Jumping right in with a 14 gauge plug may be a bit uncomfortable at first, but it tends to work well for most people. This is especially true if you've worn heavy earrings for a long time in the past and your ear lobes are already stretched quite a lot. In this case, you will find that 14 gauge plugs are not much of a big deal at all.
Different Gauge Sizes
However, you may find a 14 gauge plug to be too much to handle if you've only worn regular earrings for most of your life. This is because the holes in your ears will be too small to accommodate such a large gauge. Instead, you will need to start with a much smaller gauge to stretch your ears comfortably and effectively.
In particular, you may need to start with one of the smallest possible gauges known as an 18 gauge. This gauge is only 1 mm and should be small enough to accommodate any kind of earlobe. If you need something that's extra small for your ears, you can opt for the smallest gauge, which is a 20 gauge.
Most people don't need to start with this one since it is so small, but it may work well for some people, especially if you have sensitive ears or have only recently gotten your ears pierced. In some cases, if your ear piercings are small but not too small, you may be able to get a slightly larger gauge such as a 16 gauge.
This gauge is only slightly larger than an 18 gauge and it is around 1.2 mm. If you are getting your gauges from a professional piercing shop, the employee may be able to decide on the best gauge size for you.
Take It Slow
A lot of people get so excited about stretching their ears that they end up trying to do it much too fast. This is always a mistake for several reasons. Trying to stretch your ears too quickly will only end up with you hurting your ears.
This is not the proper way to stretch your ears. Instead, the only proper way to stretch your ears is to have patience. There is no way to speed up the process without hurting your ears in some way.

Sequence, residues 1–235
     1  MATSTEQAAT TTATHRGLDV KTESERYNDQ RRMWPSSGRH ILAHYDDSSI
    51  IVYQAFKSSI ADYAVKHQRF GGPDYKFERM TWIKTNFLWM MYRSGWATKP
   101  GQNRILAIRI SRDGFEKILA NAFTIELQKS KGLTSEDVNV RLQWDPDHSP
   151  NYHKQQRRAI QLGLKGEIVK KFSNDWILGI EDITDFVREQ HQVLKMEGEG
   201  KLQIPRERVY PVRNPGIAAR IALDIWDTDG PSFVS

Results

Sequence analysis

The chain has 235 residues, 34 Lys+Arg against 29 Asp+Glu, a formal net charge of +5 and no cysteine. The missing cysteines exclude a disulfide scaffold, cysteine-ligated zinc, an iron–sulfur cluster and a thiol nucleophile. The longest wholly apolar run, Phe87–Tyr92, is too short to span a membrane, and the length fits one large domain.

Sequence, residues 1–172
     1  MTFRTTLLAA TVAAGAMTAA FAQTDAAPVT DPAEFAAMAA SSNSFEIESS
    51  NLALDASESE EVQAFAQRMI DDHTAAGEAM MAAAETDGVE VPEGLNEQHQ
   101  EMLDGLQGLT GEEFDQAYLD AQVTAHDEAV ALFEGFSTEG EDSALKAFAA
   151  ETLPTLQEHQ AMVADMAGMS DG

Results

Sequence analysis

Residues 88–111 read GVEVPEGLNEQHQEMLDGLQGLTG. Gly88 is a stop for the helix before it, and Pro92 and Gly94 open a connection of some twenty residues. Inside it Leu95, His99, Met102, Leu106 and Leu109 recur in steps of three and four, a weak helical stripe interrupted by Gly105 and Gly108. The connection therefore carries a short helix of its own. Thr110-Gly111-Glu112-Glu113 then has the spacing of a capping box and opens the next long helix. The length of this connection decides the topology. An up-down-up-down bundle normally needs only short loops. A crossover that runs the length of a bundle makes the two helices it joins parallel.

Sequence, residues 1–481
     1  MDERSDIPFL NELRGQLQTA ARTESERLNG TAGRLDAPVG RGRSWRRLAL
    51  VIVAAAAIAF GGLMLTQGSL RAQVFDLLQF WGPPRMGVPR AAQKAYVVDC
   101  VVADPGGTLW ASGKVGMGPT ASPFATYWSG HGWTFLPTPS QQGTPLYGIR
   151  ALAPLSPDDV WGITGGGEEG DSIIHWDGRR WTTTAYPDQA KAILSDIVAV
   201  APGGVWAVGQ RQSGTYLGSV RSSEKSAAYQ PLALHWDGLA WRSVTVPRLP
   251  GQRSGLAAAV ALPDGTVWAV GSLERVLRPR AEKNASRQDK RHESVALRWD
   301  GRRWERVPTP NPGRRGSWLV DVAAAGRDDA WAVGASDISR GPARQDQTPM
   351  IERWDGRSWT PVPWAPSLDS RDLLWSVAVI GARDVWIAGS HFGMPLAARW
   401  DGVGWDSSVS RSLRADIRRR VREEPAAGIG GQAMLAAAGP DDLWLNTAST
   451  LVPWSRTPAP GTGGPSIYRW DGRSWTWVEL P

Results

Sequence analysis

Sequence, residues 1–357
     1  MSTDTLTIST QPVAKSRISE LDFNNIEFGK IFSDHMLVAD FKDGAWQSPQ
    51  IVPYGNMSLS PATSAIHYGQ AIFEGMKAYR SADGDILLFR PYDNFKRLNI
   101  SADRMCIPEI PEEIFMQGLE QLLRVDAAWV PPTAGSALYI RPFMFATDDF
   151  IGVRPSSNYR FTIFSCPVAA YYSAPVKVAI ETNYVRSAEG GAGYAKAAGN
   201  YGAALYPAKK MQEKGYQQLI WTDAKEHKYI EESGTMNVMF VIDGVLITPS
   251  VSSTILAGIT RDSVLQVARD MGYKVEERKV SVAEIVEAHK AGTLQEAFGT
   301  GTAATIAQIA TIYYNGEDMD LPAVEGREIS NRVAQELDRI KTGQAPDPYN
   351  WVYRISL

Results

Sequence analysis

For that reason, don't try to speed along the process by skipping gauge sizes. You also should allow your earlobes plenty of time to heal. Every time you start with a new gauge size, your ears will need some time to heal. If you try to continue stretching your ears before your ears are healed, it will be a very uncomfortable process and you might even develop an infection.
This, of course, would only interrupt and slow down the entire stretching process. Some people even try to stretch their ears with things that aren't even plugs like pencils or coins. This is a terrible idea because, again, you could introduce bacteria to your ears which could end up causing a bad infection.
Besides infections, other types of trauma could happen to your ears if you try to take the process too fast. In particular, you could end up scarring your ears. Keep in mind that cartilage doesn't heal very well.
The Healing Capacities of Cartilage
This is why when you pierce your ears, you will always have that piercing even if you don't wear earrings for years at a time. If you're not careful about how you stretch your ears, you'll end up with visible damage to your earlobes. However, developing scar tissue is not only an unattractive feature but can also be detrimental to the stretching process.
This is because scar tissue is very firm and inflexible. If you develop scar tissue as a result of stretching your ears too fast, the scar tissue might actually prevent you from stretching your ears anymore no matter how hard you try. Besides that, there are some cases in which stretching your ears too fast can irritate your ears so much that it can cause a keloid.
A keloid is a thick and raised scar that can appear on any part of the body, but it is especially common on the ears after the ears have experienced some kind of trauma. When left untreated, keloids can become very large, bulbous, and uncomfortable. The only way to get rid of them is with surgery and even then, there is still a chance that these scars could grow back to their original size.
For that reason, to keep it safe, you'll want to make sure that you stretch your ears slowly. That way, your ears will have time to adjust to the stretch of the gauges over time and you won't end up damaging your ears.
How Long Will It Take to Stretch Your Ears?